Wind Power Explained

Wind Power 101 by Student Energy (Click to watch, 1:46)

We can harness the power of moving air on a large scale and use it to produce electricity with wind turbines. When the wind is strong enough, the blades of a wind turbine turn, which spins a shaft connected to a generator. The generator converts the mechanical energy of the spinning shaft into electrical energy that can be transmitted to homes and buildings through power lines. Wind energy doesn’t directly produce carbon dioxide or other greenhouse gases that can cause damage to the climate. The wind itself is a free resource, and although it costs money to build and operate wind turbines, advancements in technology have significantly reduced these costs over time. Wind energy also doesn’t cause pollution. (California Academy of Sciences)

Interesting Wind Power Facts:

  • The United States’ wind power capacity was 105.591 megawatts at the end of 2019, making it the largest renewable energy source in the United States. That’s enough electricity to offset the consumption of 29.5 million average American homes. (Department of Energy)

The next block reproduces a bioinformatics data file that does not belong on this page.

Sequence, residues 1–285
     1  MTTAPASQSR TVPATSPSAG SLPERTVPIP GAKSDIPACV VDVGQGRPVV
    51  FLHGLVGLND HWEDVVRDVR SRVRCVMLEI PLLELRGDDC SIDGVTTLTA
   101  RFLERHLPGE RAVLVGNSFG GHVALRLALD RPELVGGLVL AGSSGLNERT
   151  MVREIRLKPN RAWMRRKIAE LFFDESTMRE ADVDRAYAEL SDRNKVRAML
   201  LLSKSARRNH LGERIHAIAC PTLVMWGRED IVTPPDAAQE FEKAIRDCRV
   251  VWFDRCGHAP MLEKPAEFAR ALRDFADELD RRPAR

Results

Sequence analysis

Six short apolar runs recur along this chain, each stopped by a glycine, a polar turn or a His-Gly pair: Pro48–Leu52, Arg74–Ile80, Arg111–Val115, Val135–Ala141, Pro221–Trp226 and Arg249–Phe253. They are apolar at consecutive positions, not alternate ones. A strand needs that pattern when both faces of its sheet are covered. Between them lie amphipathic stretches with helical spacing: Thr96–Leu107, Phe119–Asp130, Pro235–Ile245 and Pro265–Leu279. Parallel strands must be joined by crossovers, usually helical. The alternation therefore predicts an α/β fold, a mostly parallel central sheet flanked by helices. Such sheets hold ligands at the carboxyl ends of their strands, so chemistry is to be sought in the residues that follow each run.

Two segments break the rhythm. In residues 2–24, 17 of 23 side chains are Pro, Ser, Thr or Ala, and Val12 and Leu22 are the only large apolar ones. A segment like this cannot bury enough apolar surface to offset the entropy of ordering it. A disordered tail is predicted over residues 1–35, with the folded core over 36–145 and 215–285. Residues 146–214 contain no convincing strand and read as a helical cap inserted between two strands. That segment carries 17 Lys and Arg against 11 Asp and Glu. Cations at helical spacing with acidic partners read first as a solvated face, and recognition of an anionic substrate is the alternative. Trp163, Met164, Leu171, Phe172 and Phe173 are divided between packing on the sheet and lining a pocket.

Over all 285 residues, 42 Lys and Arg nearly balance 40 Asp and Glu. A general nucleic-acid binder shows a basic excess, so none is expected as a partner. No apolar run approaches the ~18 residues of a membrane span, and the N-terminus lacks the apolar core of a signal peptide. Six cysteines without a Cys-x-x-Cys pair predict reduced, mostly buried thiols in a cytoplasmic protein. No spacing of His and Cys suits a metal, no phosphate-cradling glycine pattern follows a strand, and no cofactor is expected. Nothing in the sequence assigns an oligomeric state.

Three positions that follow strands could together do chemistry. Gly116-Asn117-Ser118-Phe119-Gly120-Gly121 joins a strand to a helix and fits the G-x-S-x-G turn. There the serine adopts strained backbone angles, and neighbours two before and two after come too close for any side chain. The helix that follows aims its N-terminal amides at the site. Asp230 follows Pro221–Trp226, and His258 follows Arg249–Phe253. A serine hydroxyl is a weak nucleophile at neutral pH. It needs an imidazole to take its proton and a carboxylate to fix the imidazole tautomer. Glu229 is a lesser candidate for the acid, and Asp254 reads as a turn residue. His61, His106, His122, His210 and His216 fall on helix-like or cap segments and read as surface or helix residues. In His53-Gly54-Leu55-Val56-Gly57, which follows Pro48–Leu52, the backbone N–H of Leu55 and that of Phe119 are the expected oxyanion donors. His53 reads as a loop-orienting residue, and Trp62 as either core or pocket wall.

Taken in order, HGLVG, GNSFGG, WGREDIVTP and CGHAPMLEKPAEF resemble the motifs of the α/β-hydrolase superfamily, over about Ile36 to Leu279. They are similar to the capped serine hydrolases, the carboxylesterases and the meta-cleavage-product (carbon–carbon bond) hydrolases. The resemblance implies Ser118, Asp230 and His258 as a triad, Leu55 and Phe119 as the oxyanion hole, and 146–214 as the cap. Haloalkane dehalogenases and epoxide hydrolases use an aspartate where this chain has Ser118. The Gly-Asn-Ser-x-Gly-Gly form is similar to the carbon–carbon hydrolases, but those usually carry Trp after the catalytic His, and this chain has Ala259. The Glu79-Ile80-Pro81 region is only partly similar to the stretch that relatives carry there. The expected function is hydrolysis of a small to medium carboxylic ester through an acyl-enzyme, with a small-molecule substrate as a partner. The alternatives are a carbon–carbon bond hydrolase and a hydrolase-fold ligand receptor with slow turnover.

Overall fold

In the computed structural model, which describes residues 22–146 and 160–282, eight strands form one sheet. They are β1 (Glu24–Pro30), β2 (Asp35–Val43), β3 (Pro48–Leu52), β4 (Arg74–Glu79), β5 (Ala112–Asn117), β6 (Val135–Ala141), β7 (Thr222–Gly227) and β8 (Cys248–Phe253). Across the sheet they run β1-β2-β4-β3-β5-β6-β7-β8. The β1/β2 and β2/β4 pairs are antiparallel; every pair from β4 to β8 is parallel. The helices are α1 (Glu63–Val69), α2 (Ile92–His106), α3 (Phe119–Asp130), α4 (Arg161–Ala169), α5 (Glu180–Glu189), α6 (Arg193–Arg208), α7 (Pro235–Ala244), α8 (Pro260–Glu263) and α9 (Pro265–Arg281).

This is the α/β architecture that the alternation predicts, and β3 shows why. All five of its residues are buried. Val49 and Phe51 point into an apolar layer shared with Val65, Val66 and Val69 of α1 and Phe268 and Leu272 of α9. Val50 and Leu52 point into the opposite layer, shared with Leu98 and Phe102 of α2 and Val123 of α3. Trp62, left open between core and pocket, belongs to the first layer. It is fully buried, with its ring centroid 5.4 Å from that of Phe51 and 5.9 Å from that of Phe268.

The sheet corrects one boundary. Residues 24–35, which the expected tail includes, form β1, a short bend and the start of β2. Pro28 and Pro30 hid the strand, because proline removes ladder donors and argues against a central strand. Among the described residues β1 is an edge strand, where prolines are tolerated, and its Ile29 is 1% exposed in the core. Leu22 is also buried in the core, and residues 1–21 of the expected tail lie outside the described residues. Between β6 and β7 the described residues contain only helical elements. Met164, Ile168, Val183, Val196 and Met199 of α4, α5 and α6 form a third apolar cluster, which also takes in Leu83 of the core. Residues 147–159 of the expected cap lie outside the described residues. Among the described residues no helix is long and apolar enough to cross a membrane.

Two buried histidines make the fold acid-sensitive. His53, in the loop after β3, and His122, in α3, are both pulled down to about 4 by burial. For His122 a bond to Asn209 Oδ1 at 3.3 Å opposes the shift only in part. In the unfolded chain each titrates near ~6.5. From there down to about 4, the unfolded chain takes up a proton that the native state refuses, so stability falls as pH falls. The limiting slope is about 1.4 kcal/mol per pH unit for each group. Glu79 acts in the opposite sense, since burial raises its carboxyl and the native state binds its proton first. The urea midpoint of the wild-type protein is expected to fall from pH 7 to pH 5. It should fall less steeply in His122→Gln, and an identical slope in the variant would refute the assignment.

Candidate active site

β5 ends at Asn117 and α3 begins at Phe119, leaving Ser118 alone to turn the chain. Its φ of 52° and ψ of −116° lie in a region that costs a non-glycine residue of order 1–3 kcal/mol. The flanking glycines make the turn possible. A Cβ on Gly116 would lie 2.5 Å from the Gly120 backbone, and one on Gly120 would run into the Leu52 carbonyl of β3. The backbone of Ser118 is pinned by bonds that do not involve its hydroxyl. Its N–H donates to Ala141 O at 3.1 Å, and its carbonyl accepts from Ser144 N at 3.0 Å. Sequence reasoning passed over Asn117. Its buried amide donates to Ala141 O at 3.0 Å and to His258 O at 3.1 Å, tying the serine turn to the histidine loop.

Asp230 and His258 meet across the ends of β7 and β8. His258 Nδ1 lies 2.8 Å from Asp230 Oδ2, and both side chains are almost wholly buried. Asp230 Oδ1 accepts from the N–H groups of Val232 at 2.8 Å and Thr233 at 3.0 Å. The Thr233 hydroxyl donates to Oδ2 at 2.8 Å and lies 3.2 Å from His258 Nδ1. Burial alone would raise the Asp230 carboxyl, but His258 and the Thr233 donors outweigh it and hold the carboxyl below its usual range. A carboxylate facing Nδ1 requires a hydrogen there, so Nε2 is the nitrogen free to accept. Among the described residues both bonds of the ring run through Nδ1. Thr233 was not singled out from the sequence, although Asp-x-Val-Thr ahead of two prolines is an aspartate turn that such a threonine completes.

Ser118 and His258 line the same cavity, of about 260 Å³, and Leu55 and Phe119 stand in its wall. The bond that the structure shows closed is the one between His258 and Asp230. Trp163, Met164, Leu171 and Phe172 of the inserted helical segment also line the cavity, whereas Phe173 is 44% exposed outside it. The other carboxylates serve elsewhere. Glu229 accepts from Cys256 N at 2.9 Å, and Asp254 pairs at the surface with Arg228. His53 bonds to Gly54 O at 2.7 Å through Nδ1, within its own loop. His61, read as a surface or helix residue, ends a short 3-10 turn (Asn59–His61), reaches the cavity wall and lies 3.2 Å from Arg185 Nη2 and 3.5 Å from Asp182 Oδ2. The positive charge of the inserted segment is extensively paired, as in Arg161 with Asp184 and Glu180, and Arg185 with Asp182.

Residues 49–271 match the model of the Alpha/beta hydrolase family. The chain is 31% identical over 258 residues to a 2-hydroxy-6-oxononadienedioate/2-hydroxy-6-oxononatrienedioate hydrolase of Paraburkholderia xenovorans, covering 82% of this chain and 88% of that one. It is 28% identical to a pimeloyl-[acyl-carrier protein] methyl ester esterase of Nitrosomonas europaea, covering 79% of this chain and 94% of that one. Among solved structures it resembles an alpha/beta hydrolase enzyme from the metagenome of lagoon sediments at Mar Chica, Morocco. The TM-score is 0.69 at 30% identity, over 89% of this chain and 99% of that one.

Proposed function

• There are more than 500 wind-related manufacturing facilities located across 43 states, and the U.S. wind industry currently employs more than 114,000 people. (Department of Energy)
  • Wind energy provides more than 10% of total electricity generation in 14 states, and more than 30% in Kansas, Iowa, and Oklahoma. (Department of Energy)
  • By 2030, wind power is expected to save around 30 trillion bottles of water in the U.S. (Opus Energy)
Photo by: Can Stock Photo/ssuaphoto

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